State Street is just one of these companies and has committed to hiring 1,000 Boston Public School graduates over the next 5 years.

“Now that’s a company that is putting their money where their mouth is. But if you just think about this work our companies are investing, they understand that their job force’s future is going to be our students. They are so much more willing to redesign what education looks like.”

And when it comes to redesigning, the curriculum is just one step. According to architects Brooke Travis and David Damon of Perkins + Will, classrooms today are already being prepared for the instructional needs of the future.

“Schools were once focused on knowing—now they are focused on doing,” says Brooke, a principal architect at the firm, specializing in K-12 school design. “Schools were once teacher-centered—they are now student-centred. These are great ways to visualize the classroom. Schools were about the individual—now they are about the team.”

Some of these changes have been gradually implemented over the years—like L-shaped classrooms, natural lighting, break-out spaces. But other changes are being made in preparation for the future, where the structure of a classroom might not look quite the same.  

“When you are talking about teacher-centred versus student-centred, you are looking at a traditional stand-up-and-deliver methodology, where the teacher is at the front of the classroom and all the students are in rows,” says Brooke.

“But when you talk about student-centred, the way the classroom design looks is very different, because there is no front of the classroom. Things are done… are more varied. They are more distributed exactly around the classroom.”

What education looks like is also a focus of our next guest, Peter Stokes, Managing Director of the Huron consulting group.

“It’s difficult for institutions to grow when they’re in an urban setting,” says Peter. “And so technology is one way that institutions can start to think about expanding their capacity.”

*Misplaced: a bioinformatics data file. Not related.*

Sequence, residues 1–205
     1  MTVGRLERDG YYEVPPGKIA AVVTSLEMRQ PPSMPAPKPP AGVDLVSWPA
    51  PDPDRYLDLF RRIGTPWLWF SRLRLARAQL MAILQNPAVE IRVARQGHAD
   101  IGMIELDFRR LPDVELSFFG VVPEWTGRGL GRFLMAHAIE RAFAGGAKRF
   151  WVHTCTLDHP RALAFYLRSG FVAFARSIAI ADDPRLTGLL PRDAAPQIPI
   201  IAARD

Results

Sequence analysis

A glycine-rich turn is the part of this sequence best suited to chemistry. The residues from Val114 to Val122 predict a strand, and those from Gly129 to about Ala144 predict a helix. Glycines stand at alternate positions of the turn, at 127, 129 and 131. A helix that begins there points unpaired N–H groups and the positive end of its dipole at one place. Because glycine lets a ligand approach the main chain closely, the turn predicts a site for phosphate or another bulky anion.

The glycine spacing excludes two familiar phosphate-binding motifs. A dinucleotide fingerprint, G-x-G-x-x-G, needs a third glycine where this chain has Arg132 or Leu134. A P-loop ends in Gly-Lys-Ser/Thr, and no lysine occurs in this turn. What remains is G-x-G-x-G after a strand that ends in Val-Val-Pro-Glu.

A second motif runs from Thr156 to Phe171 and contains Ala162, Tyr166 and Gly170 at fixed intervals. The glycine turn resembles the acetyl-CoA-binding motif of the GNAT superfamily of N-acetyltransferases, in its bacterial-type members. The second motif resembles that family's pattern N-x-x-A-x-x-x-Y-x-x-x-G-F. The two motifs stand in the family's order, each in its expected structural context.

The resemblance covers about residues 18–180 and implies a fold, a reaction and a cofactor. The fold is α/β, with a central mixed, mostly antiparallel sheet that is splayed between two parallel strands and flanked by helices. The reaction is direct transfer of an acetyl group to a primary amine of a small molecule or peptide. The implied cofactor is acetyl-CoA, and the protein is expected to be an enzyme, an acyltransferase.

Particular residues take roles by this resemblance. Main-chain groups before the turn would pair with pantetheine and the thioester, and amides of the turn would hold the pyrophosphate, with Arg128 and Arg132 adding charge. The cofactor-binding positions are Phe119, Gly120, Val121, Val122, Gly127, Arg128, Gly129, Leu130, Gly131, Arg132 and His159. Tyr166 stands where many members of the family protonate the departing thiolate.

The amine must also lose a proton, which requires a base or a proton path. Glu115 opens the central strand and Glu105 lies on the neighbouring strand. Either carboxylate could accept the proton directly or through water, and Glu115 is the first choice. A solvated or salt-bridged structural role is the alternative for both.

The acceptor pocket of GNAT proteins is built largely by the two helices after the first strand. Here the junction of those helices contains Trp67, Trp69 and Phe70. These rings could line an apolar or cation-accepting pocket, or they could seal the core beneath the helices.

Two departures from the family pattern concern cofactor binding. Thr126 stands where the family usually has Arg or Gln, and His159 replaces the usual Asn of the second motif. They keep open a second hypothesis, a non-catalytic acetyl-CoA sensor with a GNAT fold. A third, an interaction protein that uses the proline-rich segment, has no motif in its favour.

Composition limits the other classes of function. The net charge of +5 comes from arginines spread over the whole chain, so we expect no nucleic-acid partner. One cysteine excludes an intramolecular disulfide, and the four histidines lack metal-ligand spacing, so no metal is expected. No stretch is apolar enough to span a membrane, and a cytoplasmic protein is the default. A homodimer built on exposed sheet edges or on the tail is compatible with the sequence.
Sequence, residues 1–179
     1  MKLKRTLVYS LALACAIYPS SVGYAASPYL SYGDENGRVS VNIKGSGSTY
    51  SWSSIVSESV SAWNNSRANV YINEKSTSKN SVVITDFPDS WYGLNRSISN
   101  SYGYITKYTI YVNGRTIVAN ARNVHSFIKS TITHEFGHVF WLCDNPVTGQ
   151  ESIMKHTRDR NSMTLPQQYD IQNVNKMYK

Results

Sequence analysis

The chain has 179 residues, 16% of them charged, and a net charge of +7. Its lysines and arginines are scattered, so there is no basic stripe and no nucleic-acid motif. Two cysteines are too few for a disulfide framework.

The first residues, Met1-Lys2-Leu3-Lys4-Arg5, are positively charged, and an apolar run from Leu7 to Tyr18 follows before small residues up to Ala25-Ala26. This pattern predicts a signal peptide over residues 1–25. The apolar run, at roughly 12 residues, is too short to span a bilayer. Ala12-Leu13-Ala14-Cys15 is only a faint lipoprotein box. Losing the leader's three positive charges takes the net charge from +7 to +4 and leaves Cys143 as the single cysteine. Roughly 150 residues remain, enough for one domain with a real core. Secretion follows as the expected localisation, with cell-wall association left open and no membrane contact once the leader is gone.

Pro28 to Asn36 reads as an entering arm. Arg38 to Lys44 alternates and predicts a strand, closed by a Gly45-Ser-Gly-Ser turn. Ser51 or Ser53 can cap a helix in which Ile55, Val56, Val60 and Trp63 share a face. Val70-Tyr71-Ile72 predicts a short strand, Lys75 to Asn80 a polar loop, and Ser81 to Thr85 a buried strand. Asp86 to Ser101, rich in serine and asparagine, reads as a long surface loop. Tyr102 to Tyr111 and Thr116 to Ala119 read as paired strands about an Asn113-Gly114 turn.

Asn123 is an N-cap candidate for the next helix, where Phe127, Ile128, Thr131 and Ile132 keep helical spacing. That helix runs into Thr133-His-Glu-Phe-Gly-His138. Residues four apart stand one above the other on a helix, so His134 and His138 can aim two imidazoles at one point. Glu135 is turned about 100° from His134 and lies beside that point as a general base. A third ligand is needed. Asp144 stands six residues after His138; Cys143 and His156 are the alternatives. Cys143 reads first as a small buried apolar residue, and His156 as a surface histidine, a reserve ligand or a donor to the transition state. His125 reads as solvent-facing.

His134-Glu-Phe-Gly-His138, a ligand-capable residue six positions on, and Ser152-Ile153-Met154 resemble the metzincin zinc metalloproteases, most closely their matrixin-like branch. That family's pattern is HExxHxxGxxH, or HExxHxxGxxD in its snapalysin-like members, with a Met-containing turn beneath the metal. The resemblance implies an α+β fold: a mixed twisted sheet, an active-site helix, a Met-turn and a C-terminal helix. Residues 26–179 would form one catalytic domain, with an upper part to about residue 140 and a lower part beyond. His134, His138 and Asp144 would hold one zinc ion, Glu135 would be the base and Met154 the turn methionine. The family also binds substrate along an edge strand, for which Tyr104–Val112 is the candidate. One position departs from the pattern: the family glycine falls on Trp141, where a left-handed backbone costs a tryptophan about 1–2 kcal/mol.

Stokes attributes the growth of online learners to this fact, emphasizing that “Many of the institutions providing access to online education are urban institutions,” although sometimes online programs emerge with rural campuses, as well, because of the ease of access.

“So the relationship between place and reach has evolved considerably over the last several decades. And for some institutions, there’s been, I think, an assumption that eventually places won’t matter at all and that in the virtual world, the place is not so significant a barrier or an issue. And that virtual presence can do away with concerns about the campus.”

But ease of access isn’t the only reason institutions are developing online programs.

“On the other hand, we do see some very forward-thinking institutions like MIT, who are explicitly thinking about the ways in which education technology can not only expand reach globally but can also inform the experience on campus and the role of place and space, classroom space in the educational process.”

So will online learning make the campus experience moot? Peter says that’s not likely to happen any time soon.

“Out of 20 million students in the U.S. higher education, only about 15% are fully online. So that leaves 85% that are having some kind of either full campus experience or some kind of hybrid, you know campus and online. So there’s no question that the campus experience is still critical.”

But, according to Peter, it’s more critical for some students than others. The same on-campus elements that help an 18–24 year old to mature as an independent adult could keep an older, working student from pursuing a degree.

What about education that takes place outside and off-line?

That’s where Christine Cunningham, founder of Engineering is Elementary, steps in. Christine’s elementary engineering program at the Museum of Science in Boston is just one of many programs facilitating learning outside of the classroom.